What's That Smell? Pet Dental Health Month

Posted: Feb 1, 2013
Views: 5289 - Comments: 3

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Ah, yes, it’s dental month!! Yay! I love the smell of perio in the morning. When I know there is a Grade 4 dental coming in the next day, I am like a kid on Christmas Eve. I can’t sleep, thinking about how spectacular it is going to be. I have been known to call dibs on them, not that my co-workers would fight me for them, but I just want to make sure they are mine, all mine!

What is so great about a Grade 4? Well first of all, they’re becoming more rare due to Virbac’s Pet’s Have Teeth, Too campaign, National Dental Month, the Veterinary Oral Health Council (VOHC) seal of approval for dental products, promotion of preventive dental care by day practices and the American Veterinary Dental College (AVDC) and the American Veterinary Dental Society (AVDS). So Grade 4s should be savored and enjoyed much like a rainbow or a velvet Elvis painting.

Secondly, they’re so rewarding! I love pulling out clumps of hair and debris from around teeth and below the gum line. The best is when a dog has “hair braces” around the lower incisors. HAPPY BIRTHDAY to me!! Once, I removed a clump of hair from around some incisors and found a plastic bead and the back of an earring stuck below it. Sweet treasure trove, I almost passed out I was so excited!

I cannot imagine how good these pets feel after having rotten, abscessed teeth removed. They no longer have to smell that stench, or worse, taste it. No longer are they in pain and feeling miserable. Their kidneys, liver and heart do a little happy dance because there is no longer a barrage of bacteria coursing through them! Dogs can go back to playing with toys, eating normally and running around, no longer a lethargic, cranky lump. Cats can go back to, uh, napping and plotting world domination, I guess.

Although I do love a Grade 4, it’s important to get our patients in before their mouths are that bad. Assessing the mouth at every visit really is helpful to show owners that there is a progression. Maybe the owner does not want to perform a dental cleaning when it is a Grade 1, but when she comes in the next year and is told Sparky is now a Grade 2, she may okay a cleaning then. Preventive dental cleanings, at my hospital, are Grade 1 and 2’s. These are cleanings during which we’re able to prevent further build up of plaque and calculus, and save teeth. Grades 3 and 4 dental cleanings involve extractions and periodontal treatments.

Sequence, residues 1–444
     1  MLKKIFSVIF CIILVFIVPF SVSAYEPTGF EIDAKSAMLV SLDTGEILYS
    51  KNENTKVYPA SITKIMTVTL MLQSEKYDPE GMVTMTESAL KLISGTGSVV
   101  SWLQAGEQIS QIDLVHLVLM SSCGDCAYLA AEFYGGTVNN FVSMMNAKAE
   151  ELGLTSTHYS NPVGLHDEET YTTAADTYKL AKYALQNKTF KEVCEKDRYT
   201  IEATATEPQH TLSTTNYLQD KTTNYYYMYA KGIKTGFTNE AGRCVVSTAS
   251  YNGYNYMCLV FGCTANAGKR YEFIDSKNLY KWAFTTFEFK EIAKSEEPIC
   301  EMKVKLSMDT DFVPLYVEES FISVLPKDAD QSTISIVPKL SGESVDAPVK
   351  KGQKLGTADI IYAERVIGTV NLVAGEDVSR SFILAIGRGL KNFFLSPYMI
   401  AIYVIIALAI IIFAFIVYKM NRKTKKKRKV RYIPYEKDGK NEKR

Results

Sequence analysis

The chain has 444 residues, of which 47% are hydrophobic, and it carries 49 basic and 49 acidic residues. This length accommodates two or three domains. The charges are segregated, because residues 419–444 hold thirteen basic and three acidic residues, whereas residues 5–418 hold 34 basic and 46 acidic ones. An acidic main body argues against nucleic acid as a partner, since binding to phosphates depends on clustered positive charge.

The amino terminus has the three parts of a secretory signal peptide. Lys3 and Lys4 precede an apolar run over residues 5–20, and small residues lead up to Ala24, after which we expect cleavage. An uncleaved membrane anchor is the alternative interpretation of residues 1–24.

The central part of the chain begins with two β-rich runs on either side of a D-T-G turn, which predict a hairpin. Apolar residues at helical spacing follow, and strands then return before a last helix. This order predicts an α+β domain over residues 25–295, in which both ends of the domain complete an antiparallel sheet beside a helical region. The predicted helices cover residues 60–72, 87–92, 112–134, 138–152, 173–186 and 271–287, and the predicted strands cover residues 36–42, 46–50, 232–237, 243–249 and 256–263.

Dental radiographs are required! So much of a dog and cat’s dental disease occurs below the gum line. Without radiographs you are flying blind. Believe it or not, taking dental rads will actually make extractions easier! In cats with resorbing teeth, you can frequently skip the extraction and just do a crown amputation, but ONLY if you take a radiograph. Amputating a crown with an intact periodontal ligament and full roots is a no-no. I learned that from the lovely Dr. Randi Brannan (board certified veterinary dentist extraordinaire). In dogs you will see any resorbtion that may be occurring, anatomy of the root and jaw, as well as any abscess that may be present. Any teeth that are “missing” should also be radiographed to make sure they are really missing and not sitting below the gum line, working on a dentigerous cyst. It only has to be done once!

I confess, I used to hate dental rads. The film is so tiny, you have to develop them, you need a magnifying glass to read them and if you have to retake it, forget it! I wanted to throw the stupid little film across the room. They mock me! And I will not be mocked! And then… we bought a digital dental sensor. Like the heavens parted! Holy cow! The image appears instantly and it is the size of the computer monitor. I love you Schick sensor and yes, I would marry you. My boss bought the digital dental before the big digital radiology (even though he wanted to get regular digital radiology first) and saved my sanity. 

Charting is also required. Dr Brannan would ask me, “How do you know if the perio is worse if you don’t chart?” It’s tedious and annoying at first, but you will get faster! And it’s very helpful to the doctors to be able to assess teeth if they know the pocket depth and the gingival recession. We use a 2 number system that has the measured gingival recession on top and the pocket below. Our dental charts look like someone practicing writing fractions. I also used to chart every tooth and give every tooth a calculus score. But now, thanks to Dr Brannan, I chart what is abnormal (duh!) and give the mouth an overall calculus, gingival and plaque score. Such a timesaver!

So when you have a rush of dental cleanings this month, just think of how much you are helping your patients by cleaning their teeth! And, fingers crossed, that I get at least one Grade 4.



Megan Brashear's picture

Sweet treasure trove... I would have vomited to find all of that in the back of a tarter braces mouth. I'm glad the technician world has people like you in it to save me from having to deal with old hair, beads and earrings. Long live the emergency world that doesn't do dentistry!

Maren Couch's picture

I don't know what it says about my own dental hygiene, but when I was at the dentist most recently and they were talking about scaling and charting and all these fun details, I couldn't help but imagine what horrors exist in human mouths when viewed through the lens of a technician. I can only hope those in the human field have the same passion you do to put up with that! But seriously, it is so helpful to know what goes into modern animal dentistry and what is needed to keep a pet's mouth from becoming a pirate's cove of found objects and disease.